Well, that didn’t take long.
After an Australian Open in which logistical decisions rightly came under fire, the French Open — before playing a single main-draw point on Sunday — has already stumbled over the rock in the pathway known as tennis scheduling.
To be sure, this is not nearly as severe as the Australian Open women’s final being played outdoors, but it still rates as yet another unforced error by tournament organizers. It might not affect the course of the tournament, but one principle keeps evading the people who schedule (and make other logistical decisions about) tennis tournaments: The players involved might overcome hardships, but whether they do or not, there should be few to no questions about whether a scheduling decision has an impact on an outcome.
Simplified: This is not a question of impropriety so much as the need to avoid the APPEARANCE of impropriety. When fishy decisions are made, people ask questions. This doesn’t mean a conspiracy is in fact real, but it leads people to wonder if tournament officials are trying to engineer results… and that simply shouldn’t happen. To be more precise, that scenario shouldn’t happen whenever it is easy to avoid it.
This scenario was easy to avoid.
This is not hard. At least, it WAS not hard or, more accurately, it was not SUPPOSED to be hard… but Roland Garros organizers messed it up.
It was really rather simple: Dominic Thiem and Alexander Zverev both landed in the same half of the draw. Thiem chose to play in Lyon. Even if he had failed to play on Saturday in Lyon, French Open honchos knew the possibility existed that Thiem could play a full week and have a very short turnaround time for Paris. Yes, we all think Thiem shouldn’t have played Lyon, but things being what they were, one would think a tournament would give a highly-seeded player as much of a buffer as possible. It did not. Thiem and the bottom half of the draw will play BEFORE the top half of the draw. Thiem in particular will start his French Open on Monday.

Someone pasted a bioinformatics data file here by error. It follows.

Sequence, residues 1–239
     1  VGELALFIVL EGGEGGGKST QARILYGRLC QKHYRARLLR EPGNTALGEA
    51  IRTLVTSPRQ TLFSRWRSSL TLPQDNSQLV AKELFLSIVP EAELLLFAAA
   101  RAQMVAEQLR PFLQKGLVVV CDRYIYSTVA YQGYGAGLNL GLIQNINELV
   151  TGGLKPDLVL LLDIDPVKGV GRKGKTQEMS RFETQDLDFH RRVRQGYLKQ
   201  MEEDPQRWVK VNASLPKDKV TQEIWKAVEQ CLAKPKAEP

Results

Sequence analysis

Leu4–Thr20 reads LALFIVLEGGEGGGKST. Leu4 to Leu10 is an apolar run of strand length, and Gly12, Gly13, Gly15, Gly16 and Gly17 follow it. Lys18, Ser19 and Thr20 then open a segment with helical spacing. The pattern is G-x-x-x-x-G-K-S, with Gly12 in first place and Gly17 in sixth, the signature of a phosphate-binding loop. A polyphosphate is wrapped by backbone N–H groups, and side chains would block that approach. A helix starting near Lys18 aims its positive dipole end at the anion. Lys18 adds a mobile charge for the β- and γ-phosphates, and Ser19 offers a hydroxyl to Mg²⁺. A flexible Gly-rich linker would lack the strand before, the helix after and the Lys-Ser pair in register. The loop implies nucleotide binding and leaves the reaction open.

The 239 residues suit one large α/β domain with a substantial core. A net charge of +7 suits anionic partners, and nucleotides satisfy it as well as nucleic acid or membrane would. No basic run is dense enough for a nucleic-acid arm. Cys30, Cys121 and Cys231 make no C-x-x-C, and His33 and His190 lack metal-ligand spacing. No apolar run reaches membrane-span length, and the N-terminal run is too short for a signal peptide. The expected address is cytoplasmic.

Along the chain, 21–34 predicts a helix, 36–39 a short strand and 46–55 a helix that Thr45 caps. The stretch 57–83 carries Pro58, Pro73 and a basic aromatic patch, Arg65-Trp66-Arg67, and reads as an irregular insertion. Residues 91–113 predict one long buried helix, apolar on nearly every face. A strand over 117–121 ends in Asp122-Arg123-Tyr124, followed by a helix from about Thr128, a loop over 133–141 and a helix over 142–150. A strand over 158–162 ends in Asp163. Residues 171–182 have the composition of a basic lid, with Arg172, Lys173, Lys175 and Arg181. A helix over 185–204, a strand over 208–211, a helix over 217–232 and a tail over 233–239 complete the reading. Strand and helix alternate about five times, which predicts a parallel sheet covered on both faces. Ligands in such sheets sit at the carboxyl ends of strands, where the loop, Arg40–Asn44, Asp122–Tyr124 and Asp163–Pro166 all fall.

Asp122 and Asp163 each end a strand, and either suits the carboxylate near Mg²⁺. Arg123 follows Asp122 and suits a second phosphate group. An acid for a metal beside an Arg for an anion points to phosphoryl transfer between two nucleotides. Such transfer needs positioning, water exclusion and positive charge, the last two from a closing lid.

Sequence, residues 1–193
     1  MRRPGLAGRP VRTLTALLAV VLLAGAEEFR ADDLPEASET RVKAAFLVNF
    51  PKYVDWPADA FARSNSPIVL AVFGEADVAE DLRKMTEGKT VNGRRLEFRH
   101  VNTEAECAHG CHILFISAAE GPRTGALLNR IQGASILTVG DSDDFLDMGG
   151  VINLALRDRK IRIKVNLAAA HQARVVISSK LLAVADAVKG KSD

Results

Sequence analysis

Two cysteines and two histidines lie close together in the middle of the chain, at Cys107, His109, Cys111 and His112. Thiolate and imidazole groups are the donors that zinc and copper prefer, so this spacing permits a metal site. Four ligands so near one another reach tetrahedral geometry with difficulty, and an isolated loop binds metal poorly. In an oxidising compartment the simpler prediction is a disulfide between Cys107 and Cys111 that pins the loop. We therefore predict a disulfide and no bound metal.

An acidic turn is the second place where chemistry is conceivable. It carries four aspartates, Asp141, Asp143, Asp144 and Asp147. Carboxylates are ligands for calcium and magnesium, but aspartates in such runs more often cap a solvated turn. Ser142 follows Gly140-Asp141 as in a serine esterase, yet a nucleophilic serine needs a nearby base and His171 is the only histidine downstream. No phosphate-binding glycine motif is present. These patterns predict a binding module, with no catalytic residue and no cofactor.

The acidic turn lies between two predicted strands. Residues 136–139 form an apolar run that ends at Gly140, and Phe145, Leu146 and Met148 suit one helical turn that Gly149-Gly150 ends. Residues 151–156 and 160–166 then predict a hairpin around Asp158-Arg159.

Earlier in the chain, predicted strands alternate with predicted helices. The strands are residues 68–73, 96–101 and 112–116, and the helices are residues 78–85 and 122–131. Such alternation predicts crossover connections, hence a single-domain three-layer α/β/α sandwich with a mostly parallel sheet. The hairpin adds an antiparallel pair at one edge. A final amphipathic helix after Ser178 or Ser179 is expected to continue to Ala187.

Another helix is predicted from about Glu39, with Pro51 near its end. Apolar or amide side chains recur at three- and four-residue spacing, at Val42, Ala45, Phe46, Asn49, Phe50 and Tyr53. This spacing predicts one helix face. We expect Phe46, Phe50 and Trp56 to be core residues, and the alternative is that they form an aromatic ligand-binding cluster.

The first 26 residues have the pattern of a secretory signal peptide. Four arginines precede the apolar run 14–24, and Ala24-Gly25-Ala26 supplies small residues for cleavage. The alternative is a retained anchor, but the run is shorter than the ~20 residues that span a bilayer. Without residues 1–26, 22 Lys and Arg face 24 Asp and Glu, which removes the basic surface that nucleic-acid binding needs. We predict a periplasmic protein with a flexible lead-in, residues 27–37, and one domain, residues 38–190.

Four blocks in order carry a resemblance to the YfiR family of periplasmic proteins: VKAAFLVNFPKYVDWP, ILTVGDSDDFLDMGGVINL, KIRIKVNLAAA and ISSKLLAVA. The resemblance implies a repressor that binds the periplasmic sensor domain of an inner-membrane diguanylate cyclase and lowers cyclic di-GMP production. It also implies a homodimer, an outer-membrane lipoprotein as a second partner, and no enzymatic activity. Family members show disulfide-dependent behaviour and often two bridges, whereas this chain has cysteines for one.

Alexander Zverev is the only man on tour who — in the three weeks linking Munich/Estoril, Madrid, and then Rome — played three full weeks of tennis. He made the final in all three events, winning twice. Since Zverev AND Thiem — two players particularly crowded by the calendar — were both in the same half of the draw, this should have been an easy call for Roland Garros to start both men on Tuesday, and have the top half of the draw on Sunday and Monday.
Nope. Zverev and Thiem got the Sunday-Monday half, Nadal the Tuesday half. Moreover, Zverev was placed on Sunday, not Monday. He played the most tennis over the past three weeks and then received the shortest turnaround from Rome to Paris, since Nadal — his Rome final opponent — will start Tuesday.
What substantial and compelling countervailing reason — a reason with heft and considerable weight — existed to push Zverev and Thiem into the earlier (Sunday-Monday) slots and the top half of the draw into the Tuesday slot? Sure, other players played in Lyon and Geneva on Saturday, but none as accomplished as Thiem. Making him play earlier rather than later in the first round — the same with Zverev after his long haul in May — reflects a decision-making process without prudence or care.
Is this how it’s gonna be? In 2018, unforced scheduling errors in tennis are flowing the way errors fly off Camila Giorgi’s racquet.
The sad part is that whereas Giorgi’s game seems beyond repair, scheduling should be able to be fixed quite easily… but no one gives the appearance of caring.
Image taken from zimbio.com